Alexander Hamilton's contributions to the founding of the United States of America were considerable and their benefits are enduring.
Hamilton made many contributions before the government was set up as we know it today. His service in the Revolutionary War was significant, but is not widely remembered today. He led an artillery company as an active participant in battles at Trenton and Princeton. Once the patriots won independence, he wrote fifty-one out of the eighty-five Federalist Papers and helped convince other lawmakers to accept the new US Constitution. This document structured the separation of powers and established the crucial checks and balances among the judicial, executive, and legislative branches. It also established the separation of powers of state and federal governments. These structures continue to guide the US government. Hamilton successfully defended his preferred method of rule against state-based models supported by Thomas Jefferson and other Democratic-Republicans.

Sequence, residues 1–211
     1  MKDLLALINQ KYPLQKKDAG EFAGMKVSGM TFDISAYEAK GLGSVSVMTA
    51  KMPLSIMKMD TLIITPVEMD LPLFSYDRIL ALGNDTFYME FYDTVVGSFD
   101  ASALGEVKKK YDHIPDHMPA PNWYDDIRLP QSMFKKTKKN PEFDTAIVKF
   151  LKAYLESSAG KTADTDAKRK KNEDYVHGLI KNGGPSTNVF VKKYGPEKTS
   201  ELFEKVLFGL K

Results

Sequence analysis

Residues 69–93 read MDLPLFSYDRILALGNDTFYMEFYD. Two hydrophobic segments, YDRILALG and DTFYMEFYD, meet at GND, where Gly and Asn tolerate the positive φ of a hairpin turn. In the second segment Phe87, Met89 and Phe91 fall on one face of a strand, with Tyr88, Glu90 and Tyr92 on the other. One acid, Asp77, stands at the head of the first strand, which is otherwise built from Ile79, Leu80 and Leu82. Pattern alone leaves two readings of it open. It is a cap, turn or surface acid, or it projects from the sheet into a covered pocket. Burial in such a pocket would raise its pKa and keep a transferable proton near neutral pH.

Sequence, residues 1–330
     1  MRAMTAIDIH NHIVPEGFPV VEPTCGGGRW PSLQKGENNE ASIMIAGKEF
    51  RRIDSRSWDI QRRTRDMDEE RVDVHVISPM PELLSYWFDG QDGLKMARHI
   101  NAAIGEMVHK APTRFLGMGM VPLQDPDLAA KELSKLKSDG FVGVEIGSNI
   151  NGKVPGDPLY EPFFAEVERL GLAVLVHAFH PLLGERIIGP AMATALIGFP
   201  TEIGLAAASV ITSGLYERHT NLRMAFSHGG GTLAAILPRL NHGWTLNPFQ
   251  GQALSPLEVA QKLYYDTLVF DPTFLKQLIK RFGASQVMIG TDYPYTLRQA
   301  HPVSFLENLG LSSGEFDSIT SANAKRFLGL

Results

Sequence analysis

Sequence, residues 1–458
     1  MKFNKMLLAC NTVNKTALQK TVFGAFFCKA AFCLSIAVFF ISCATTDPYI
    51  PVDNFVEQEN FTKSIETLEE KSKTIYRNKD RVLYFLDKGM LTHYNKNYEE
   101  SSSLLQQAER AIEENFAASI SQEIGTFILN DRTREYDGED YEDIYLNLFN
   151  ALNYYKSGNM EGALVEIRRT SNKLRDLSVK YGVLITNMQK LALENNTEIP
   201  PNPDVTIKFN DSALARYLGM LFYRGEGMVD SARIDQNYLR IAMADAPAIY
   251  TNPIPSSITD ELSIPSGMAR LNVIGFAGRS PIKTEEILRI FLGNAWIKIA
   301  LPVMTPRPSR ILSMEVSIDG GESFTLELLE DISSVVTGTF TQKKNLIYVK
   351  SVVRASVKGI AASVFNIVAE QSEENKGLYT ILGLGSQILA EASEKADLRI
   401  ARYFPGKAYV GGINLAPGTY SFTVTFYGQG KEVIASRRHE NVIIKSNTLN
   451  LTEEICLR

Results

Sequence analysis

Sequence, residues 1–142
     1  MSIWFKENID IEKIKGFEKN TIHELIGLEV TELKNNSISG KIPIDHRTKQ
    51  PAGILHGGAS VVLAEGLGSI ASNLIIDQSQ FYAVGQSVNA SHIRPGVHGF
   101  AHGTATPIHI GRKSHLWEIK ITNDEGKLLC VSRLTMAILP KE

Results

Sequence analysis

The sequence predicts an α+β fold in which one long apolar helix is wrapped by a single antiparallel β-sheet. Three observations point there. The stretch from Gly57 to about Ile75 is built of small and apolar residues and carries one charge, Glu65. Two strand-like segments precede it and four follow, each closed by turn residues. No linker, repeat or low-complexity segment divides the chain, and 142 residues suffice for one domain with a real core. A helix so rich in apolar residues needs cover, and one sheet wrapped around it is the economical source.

Once George Washington was elected, Hamilton became the Secretary of the Treasury. His work established a national economy that moved away from a mostly agrarian-driven model to establish a central bank, solidify international trade, and create a physical infrastructure that allowed the new nation to prosper and industry to gain momentum. He also consolidated states's debts from the Revolutionary War into the federal budget. He advocated for the establishment of the US Mint and the regularization of US currency.
Hamilton remains an inspirational figure, having come to the American colonies as an orphan from the British West Indies and rising to prominence and influence in forming a new and independent nation.